line. However, an inch or so either way doesn't matter too much; for example, a 3-inch line may be reeved onto an 8-inch block with no ill effects. As a rule, you are more likely to know the block size than the sheave diameter. However, the sheave diameter should be about twice the size of the circumference of the line used.
Wire rope manufacturers issue tables that give the proper sheave diameters used with the various types and sizes of wire rope they manufacture. In the absence of these, a rough rule of thumb is that the sheave diameter should be about 20 times the diameter of the wire. Remember that with wire rope, it is diameter rather than circumference that is important. Also, remember that this rule refers to the diameter of the sheave rather than to the size of the block.
A snatch block (figure 4-22) is a single-sheave block made so that the shell opens on one side at the base of the hook to permit a rope or line to be slipped over a sheave without threading the end of it through the block. Snatch blocks ordinarily are used where it is necessary to change the direction of the pull on a line.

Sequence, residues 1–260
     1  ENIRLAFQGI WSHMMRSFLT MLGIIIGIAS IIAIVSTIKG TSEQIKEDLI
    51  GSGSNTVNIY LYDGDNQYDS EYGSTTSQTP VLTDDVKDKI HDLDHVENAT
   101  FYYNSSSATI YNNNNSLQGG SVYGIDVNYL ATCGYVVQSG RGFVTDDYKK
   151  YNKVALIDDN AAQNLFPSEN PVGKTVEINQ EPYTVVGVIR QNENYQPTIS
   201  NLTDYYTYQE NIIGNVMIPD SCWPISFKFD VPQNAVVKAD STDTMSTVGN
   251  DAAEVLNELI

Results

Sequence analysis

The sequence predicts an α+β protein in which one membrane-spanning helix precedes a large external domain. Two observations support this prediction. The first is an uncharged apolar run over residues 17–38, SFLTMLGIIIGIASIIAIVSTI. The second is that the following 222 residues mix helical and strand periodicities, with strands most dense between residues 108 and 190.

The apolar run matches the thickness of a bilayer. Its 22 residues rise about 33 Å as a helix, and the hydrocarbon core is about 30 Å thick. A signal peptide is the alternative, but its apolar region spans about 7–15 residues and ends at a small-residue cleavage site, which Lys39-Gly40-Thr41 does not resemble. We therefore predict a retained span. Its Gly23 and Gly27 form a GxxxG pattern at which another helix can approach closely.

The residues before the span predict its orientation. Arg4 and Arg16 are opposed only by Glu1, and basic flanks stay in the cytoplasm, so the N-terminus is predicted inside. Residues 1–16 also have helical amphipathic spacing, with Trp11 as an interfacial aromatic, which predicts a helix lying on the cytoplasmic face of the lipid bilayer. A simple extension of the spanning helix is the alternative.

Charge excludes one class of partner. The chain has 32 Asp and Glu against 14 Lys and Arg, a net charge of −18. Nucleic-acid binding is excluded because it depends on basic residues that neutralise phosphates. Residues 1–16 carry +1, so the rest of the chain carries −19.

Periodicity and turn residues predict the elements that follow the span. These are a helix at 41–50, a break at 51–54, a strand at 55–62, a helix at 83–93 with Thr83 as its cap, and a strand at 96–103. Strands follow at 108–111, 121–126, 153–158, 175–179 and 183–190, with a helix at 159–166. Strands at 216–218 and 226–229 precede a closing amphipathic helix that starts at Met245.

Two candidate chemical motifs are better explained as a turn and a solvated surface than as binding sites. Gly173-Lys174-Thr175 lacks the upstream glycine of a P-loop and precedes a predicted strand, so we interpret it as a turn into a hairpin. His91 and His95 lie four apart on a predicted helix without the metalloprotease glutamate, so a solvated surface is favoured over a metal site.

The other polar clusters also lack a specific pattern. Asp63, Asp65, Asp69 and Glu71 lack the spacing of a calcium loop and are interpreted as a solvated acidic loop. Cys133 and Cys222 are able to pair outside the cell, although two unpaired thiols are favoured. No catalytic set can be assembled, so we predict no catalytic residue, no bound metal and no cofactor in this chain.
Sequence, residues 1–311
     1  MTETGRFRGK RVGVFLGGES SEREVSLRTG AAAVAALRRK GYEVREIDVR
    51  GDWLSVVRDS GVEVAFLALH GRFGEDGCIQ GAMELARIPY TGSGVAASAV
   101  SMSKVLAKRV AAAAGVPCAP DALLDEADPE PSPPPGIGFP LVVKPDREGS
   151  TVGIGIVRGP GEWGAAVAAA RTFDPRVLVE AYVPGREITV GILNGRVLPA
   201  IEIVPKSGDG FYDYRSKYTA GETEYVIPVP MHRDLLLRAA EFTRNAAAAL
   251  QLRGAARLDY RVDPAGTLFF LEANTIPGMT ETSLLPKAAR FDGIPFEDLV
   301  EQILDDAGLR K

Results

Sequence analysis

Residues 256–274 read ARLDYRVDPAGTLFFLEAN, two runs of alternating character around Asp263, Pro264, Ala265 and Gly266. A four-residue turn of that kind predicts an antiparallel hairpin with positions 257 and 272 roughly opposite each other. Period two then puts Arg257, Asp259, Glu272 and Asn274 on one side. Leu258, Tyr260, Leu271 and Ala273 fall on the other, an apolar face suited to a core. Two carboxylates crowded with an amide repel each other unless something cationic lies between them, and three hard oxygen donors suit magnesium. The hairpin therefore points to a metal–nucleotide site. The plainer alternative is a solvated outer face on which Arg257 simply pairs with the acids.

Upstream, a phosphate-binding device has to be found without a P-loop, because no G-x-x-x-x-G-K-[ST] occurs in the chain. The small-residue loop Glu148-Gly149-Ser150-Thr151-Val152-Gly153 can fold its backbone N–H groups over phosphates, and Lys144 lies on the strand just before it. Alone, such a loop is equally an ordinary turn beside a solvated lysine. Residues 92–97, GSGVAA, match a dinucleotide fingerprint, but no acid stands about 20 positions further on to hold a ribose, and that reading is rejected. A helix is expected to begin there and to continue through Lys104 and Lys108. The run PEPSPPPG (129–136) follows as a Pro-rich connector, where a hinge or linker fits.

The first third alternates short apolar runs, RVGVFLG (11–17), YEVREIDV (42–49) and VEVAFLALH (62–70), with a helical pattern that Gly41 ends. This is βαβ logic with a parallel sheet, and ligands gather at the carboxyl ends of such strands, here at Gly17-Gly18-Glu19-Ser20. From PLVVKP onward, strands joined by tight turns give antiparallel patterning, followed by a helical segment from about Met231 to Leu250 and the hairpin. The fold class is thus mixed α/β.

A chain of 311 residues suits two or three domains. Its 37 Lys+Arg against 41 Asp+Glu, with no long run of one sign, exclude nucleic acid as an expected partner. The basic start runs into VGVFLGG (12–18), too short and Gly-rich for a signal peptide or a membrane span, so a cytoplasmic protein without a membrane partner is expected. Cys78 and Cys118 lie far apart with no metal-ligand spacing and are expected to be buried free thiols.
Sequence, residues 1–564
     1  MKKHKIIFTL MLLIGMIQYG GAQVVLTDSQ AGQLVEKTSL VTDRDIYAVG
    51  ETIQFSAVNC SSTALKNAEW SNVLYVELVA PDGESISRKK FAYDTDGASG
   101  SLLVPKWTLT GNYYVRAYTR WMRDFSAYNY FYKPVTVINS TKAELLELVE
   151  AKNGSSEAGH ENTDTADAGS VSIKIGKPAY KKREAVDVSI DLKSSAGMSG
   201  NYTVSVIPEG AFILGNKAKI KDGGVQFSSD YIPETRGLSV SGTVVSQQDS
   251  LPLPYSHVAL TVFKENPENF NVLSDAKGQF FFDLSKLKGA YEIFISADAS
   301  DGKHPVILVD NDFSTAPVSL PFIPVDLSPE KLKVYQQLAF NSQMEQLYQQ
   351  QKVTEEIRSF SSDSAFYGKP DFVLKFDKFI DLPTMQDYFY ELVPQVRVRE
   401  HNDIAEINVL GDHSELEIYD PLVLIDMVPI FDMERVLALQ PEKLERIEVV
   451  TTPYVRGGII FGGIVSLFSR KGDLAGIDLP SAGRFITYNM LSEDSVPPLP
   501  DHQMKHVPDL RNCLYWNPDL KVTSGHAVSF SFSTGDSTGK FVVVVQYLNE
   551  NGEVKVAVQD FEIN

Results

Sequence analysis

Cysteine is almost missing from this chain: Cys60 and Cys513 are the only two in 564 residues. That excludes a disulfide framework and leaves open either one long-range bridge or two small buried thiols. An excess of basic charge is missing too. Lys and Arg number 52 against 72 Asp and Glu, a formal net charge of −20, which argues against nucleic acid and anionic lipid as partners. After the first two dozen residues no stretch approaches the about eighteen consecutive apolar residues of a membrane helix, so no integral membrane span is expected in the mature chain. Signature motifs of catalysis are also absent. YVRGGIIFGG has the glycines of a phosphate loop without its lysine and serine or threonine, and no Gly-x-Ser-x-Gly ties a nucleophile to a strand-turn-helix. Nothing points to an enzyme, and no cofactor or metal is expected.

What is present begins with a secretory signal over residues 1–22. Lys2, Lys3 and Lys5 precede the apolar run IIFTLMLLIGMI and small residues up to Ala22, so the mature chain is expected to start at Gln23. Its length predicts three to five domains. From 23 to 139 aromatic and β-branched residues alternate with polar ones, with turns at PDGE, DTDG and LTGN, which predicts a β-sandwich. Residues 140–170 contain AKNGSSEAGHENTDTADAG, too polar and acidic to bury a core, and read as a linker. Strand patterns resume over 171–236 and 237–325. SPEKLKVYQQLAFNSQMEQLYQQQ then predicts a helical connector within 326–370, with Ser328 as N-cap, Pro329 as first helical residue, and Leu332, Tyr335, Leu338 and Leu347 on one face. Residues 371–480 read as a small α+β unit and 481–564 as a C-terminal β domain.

Figure 4-23 shows a system of moving a heavy object horizontally away from the power source using snatch blocks. This is an ideal way to move objects in limited spaces. Note that the weight is pulled by a single luff tackle, which has a mechanical advantage of 3 (mechanical advantage is discussed below). Adding snatch blocks to a rigging changes the direction of pull, but the mechanical advantage is not affected. It is, therefore, wise to select the proper rigging system to be used based upon the weight of the object and the type and capacity of the power that is available.
The snatch block that is used as the last block in the direction of pull to the power source is called the leading block. This block can be placed in any convenient location provided it is within 20 drum widths of the power source. This is required because the fairlead angle, or fleet angle, cannot exceed 2° from the center line of the drum; therefore, the 20-drum width distance from the power source to the leading block will assure the fairlead angle. If the fairlead angle is not maintained, the line could jump the sheave of the leading block and cause the line on the reel to jump a riding turn.
Figure 4-22. - Top dead end snatch blocks.Continue Reading